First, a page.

30th Mar2018

‘Captain Kronos Vampire Hunter’ Graphic Novel Review

by Dean Fuller

Written by Dan Abnett | Art by Tom Mandrake | Published by Titan Comics

Captain_Kronos_collection_cover

I managed to miss this when it first came out, in individual issues, so am pleased to see the collection arrive so I can finally give it a read. I’m probably an easy sell, as I’m a fan of both writer Dan Abnett and artist Tom Mandrake, mostly for their work at Marvel and DC. I’d count myself a casual Hammer Films fan, no expert but I like most of them and can remember seeing Captain Kronos Vampire Hunter tucked away late on BBC2 one night. Being honest, I can’t remember a lot about the film, but one thing did stick. Captain Kronos was a bit different for Hammer. He was, in essence, an action hero. Sure, being Hammer you had all the supernatural trappings, but Kronos was definitely a man of action.

One thing Captain Kronos doesn’t have is a unique origin. A career soldier, he returned from fighting to find his family murdered, this being the event that pushed him into his life of vengeance. Sort of like a Seventeenth Century Punisher. The little wrinkle here is that the perpetrators are vampires, and Kronos was going to kill every last one. He is most definitely a badass of the highest magnitude. This is demonstrated perfectly by the first 17 odd pages which double up as a fantastic fight between good and evil, but also as an opportunity to introduce us properly to the main characters. Captain Kronos, his mentor of sorts Professor Grost, and Carla, all returning from the original film. Quite the team they make, as they dispatch Porphyr, a powerful vampire lord.

Though victorious, Grost suspects something is wrong. Vampires are usually territorial, and Porphyr has let them chase him across the land to seemingly a place where he chose to make his stand. Why? The town is called Serechurch, and the living inhabitants seem pleased to see them. The town leader, Alderman Ermine, explains they have a ‘nocturnal’ problem (that’s a politician for you), led by a character called Slake. It seems he arrived after a terrible plague, and has been steadily turning the poor, making the slums into a nest. Kronos, Grost, and Carla set to work, Abnett really stressing what a great team they are. Brawn, smarts, and wile between them.

While Grost undertakes research in the library, Kronos goes for a safe reconnoiter while it is still daylight. So how can that vampire be standing there? How can it survive a stake? Silver shot? Luckily, not a sliced off head. Unfortunately, he’s brought friends. Still, let’s use the crucifix then…nope. No good. Fire then, that always works…nope. Kronos prefers the sword anyway. One epic battle later, with many vampires slain, Kronos takes refuge in a church. Did I say refuge? I meant he walks straight into the lair of Slake. Time to put those swords up again…While Kronos fights for his life, Carla and Grost race to help, though none of the towns people fancy helping for some reason. One lucky rescue later, the trio lick their wounds and compare notes.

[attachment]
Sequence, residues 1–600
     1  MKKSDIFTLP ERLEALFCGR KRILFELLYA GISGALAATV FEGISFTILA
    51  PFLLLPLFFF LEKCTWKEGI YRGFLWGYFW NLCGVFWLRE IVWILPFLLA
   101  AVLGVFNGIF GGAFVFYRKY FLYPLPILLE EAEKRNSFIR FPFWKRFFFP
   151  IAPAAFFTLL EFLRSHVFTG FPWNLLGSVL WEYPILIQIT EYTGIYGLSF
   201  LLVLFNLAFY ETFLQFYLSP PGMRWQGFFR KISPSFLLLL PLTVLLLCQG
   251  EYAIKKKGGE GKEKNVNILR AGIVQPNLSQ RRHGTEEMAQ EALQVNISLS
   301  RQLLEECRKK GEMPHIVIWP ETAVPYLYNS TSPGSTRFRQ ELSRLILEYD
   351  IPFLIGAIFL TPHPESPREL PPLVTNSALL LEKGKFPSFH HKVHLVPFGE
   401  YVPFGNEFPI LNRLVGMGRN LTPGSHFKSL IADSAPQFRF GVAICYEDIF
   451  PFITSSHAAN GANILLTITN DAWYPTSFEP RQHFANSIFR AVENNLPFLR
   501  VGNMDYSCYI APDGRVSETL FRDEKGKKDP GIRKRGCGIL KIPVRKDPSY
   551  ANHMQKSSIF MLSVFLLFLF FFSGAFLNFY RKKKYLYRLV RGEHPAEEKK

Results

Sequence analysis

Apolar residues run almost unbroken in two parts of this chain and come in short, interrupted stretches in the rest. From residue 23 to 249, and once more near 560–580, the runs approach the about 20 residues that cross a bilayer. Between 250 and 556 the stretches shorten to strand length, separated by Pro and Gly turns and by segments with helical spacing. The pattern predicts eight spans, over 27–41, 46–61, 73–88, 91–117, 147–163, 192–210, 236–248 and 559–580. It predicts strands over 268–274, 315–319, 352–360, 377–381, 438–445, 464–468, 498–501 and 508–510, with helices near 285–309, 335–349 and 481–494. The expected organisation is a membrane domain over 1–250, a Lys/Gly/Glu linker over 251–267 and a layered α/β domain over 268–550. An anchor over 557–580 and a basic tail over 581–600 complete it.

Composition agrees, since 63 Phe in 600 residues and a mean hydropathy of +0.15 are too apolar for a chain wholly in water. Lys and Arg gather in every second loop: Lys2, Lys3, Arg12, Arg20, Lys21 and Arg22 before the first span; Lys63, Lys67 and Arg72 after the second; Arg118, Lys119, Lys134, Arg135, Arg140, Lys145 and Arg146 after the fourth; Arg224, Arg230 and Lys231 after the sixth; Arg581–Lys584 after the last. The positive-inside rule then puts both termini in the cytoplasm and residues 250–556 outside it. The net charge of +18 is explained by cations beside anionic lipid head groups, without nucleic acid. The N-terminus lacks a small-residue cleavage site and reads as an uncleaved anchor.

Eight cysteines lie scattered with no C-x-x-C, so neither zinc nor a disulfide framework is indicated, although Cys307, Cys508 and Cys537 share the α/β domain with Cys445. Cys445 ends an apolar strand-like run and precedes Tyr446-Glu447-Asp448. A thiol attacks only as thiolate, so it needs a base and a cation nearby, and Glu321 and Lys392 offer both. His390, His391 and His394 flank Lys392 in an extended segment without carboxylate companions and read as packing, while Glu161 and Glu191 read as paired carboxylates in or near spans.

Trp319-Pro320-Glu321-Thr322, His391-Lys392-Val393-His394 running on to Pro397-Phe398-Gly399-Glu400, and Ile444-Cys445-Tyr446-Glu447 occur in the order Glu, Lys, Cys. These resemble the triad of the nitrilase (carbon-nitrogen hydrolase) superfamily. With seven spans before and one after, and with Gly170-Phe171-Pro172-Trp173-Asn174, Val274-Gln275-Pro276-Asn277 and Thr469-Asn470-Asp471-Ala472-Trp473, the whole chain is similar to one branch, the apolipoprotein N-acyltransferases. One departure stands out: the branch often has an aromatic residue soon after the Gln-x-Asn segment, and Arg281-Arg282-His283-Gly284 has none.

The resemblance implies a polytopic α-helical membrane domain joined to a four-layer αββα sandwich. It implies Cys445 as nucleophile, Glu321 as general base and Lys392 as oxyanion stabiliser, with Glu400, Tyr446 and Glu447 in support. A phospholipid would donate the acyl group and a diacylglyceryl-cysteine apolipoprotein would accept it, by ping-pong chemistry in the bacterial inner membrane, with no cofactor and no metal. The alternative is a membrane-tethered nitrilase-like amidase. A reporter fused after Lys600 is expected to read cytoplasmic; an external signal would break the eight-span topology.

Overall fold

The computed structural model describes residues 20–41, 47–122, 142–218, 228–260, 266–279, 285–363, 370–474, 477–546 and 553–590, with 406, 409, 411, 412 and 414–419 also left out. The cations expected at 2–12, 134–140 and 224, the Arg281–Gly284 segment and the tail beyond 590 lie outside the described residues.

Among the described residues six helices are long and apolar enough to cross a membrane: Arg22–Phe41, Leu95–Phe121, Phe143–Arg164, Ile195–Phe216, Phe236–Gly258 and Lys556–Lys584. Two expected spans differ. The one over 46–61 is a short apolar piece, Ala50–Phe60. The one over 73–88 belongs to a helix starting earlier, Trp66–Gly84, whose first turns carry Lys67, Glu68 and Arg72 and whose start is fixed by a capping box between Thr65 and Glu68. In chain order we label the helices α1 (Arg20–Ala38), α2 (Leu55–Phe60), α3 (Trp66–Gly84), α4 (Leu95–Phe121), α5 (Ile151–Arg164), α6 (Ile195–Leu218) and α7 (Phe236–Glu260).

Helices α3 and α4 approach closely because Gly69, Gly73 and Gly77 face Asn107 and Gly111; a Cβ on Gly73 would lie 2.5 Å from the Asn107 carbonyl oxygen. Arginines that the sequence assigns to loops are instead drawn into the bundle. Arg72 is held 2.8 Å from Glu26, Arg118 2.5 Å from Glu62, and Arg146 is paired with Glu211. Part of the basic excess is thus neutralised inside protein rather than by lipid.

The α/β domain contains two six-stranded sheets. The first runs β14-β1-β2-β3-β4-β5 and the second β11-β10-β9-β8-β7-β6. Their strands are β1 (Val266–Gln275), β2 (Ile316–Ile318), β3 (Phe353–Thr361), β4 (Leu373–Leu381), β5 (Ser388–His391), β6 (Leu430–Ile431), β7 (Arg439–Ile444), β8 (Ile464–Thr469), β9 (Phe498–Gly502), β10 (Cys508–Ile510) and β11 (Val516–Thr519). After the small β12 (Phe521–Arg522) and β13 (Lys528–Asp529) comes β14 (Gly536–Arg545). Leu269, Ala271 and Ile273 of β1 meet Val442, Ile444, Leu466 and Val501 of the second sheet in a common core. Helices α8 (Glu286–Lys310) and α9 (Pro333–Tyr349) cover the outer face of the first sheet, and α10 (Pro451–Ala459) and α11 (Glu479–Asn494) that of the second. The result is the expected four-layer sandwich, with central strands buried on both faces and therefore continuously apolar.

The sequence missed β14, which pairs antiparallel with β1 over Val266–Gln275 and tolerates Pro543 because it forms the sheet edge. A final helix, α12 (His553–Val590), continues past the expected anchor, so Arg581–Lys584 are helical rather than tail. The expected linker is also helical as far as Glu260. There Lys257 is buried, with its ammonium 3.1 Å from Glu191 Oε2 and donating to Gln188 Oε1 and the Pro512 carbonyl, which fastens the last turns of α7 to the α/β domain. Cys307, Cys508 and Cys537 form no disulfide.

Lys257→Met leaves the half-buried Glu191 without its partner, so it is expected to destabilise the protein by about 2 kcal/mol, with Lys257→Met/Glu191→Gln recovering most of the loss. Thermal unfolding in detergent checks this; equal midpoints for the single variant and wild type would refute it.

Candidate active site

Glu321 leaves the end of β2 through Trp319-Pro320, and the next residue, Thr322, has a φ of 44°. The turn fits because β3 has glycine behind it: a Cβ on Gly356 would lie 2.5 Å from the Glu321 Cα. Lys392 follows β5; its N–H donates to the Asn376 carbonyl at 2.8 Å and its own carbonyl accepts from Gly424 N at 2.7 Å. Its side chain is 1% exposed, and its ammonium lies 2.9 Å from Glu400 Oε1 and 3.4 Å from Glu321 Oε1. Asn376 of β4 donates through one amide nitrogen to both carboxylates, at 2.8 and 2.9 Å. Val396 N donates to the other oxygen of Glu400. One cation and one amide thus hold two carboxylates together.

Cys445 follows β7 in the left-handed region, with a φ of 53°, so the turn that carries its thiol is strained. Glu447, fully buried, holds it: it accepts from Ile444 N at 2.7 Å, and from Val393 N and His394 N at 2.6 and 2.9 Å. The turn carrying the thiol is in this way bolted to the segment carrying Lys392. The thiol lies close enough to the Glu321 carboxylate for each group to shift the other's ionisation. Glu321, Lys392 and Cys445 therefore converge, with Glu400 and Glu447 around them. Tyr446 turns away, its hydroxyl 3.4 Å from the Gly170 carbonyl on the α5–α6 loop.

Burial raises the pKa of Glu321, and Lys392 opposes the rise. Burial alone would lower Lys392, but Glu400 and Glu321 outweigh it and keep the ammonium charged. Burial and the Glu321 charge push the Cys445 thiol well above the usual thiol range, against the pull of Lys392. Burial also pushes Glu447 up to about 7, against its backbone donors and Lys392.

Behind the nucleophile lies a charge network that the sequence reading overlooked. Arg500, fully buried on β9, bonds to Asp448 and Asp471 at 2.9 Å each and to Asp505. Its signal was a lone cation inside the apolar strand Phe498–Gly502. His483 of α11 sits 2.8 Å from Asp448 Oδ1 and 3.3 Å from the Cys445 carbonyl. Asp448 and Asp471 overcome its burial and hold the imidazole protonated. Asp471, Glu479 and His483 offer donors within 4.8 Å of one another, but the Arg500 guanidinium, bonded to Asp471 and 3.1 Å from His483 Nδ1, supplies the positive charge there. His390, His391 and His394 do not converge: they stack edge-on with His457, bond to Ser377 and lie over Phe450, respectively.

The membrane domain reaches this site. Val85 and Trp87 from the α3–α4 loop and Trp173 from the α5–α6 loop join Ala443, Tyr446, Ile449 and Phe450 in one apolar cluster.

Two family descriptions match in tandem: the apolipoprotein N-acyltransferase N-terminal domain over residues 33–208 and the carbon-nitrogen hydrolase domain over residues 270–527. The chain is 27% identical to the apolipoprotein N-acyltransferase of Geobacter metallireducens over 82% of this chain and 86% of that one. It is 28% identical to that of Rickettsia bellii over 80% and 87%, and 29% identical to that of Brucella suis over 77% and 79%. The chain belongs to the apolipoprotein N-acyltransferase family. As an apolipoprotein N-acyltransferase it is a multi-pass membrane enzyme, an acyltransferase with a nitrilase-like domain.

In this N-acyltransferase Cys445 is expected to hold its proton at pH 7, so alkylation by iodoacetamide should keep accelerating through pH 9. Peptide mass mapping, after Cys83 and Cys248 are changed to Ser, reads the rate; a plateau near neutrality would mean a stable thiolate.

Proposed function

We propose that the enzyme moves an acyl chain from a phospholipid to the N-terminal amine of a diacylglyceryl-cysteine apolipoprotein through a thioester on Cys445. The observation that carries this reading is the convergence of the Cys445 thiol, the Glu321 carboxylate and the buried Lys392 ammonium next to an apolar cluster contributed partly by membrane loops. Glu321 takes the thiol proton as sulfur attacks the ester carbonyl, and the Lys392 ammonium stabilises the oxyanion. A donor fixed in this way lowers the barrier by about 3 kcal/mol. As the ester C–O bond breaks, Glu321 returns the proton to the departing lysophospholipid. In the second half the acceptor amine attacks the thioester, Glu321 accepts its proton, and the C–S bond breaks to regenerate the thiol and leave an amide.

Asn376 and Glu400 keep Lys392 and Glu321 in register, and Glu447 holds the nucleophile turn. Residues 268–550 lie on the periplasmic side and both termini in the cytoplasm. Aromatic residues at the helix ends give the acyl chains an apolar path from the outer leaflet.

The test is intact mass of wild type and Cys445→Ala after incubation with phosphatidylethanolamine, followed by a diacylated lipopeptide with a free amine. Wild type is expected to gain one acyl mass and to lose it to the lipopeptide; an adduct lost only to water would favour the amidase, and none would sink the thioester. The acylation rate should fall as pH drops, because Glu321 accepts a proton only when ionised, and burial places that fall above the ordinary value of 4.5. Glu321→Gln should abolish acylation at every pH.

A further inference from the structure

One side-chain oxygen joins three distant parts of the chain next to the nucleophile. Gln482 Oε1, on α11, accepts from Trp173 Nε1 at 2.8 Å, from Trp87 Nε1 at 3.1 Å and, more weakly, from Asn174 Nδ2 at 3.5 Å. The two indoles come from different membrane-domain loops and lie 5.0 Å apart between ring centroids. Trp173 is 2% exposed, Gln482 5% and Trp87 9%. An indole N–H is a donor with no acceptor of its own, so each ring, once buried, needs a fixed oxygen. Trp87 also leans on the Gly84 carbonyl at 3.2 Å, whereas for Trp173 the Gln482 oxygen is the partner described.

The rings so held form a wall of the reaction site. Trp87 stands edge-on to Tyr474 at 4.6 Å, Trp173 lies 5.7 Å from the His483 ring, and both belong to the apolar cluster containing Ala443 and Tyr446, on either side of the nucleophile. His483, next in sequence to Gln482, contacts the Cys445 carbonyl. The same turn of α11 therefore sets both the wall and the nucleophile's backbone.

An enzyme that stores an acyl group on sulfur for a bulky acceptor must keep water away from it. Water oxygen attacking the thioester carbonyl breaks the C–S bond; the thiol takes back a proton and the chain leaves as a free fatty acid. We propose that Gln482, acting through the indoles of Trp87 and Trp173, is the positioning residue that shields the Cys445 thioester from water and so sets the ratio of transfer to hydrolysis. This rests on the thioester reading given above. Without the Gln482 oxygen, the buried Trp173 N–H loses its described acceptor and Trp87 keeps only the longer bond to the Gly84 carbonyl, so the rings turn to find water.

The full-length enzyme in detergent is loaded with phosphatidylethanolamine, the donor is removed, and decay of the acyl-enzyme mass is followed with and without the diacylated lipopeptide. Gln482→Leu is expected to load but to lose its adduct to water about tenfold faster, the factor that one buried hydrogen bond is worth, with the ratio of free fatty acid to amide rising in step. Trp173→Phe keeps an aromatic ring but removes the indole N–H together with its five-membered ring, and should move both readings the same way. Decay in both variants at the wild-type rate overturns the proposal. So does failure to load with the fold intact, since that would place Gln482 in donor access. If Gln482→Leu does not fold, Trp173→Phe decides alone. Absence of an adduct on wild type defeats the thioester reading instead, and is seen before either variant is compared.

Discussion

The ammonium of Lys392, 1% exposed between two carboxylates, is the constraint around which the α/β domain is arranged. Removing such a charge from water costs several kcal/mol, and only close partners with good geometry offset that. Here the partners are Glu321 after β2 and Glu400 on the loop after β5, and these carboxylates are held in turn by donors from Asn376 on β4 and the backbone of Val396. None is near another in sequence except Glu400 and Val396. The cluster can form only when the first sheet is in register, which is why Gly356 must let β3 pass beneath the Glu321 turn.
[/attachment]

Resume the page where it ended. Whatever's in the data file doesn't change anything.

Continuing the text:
As large as Slake’s army is, Kronos realises they are all just victims. Cut off his head, they all fall. Time to return to the serpents lair. Kronos, Grost, and Carla fight their way through the sewers, and kill Slake. So why are none of the vampires falling? Grost suddenly realises they have been played. Although Slake was a threat, he was not the main threat. The town elders are. Elders being right, as they are over 300 years old. Seems they are all vampires, preying on the inhabitants of the town as their livestock. Slake was one of them, he just got too greedy and was thrown out. Kronos and gang finish the job, though it’s a mixed victory at best. That’s Hammer Films though, never a clear cut victory, just the knowledge that the hero stood firm, and stands ready for the inevitable next time.

Dan Abnett certainly had a superb grasp on his cast of characters and the feel of the original film. Rather smartly, he makes Carla the book’s focus, with her narration and actions guiding much of the story. Kronos, technically the leading man, is just a one trick pony. A killing machine. Carla is the special one, smarter than Kronos, a good fighter, and it seems being trained by Grost to replace Kronos on his inevitable death. Fantastic scripting all round, and nice twist.

Tom Mandrake’s art is as perfect as you could wish for with this tale. Almost like a Hammer house artist, he channels some Gene Colan to deliver very moody and atmospheric visuals. Great mix of panels as well, some nice full page spreads intermixed with fast cut panels. Plenty of violence, but never gratuitous. Great stuff. A quick tip of the hat too to the editorial staff for the fantastic text pieces at the end of the book, with some great info on the movie and its legacy.

Very hard to dislike anything here, unlike you don’t like vampires. Top notch scripting, fantastic artwork, and a book that could easily make a great film. Loved it.

***** 5/5

Captain Kronos Vampire Hunter is released by Titan Comics on April 10th.

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